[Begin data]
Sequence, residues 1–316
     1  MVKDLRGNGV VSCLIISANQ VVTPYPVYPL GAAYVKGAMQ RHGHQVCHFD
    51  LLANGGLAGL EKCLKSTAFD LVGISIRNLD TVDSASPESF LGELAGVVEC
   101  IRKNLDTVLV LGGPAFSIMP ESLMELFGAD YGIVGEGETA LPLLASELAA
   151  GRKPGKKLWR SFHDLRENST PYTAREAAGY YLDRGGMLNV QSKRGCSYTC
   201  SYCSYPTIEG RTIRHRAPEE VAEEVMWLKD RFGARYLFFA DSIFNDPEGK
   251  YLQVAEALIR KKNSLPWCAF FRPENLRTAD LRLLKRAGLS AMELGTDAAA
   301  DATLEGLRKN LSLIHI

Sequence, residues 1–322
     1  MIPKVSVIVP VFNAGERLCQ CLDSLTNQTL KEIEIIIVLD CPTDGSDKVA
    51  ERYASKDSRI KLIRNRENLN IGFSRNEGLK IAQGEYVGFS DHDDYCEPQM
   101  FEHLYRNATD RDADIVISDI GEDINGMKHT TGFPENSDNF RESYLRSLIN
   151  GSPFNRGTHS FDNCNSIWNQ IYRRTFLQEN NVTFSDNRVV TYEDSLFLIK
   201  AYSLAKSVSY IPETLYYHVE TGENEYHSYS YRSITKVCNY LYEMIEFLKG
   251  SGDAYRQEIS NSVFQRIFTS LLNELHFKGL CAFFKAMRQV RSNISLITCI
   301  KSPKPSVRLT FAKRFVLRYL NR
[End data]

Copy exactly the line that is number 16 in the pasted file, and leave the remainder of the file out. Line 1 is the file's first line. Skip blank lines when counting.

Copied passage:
   301  KSPKPSVRLT FAKRFVLRYL NR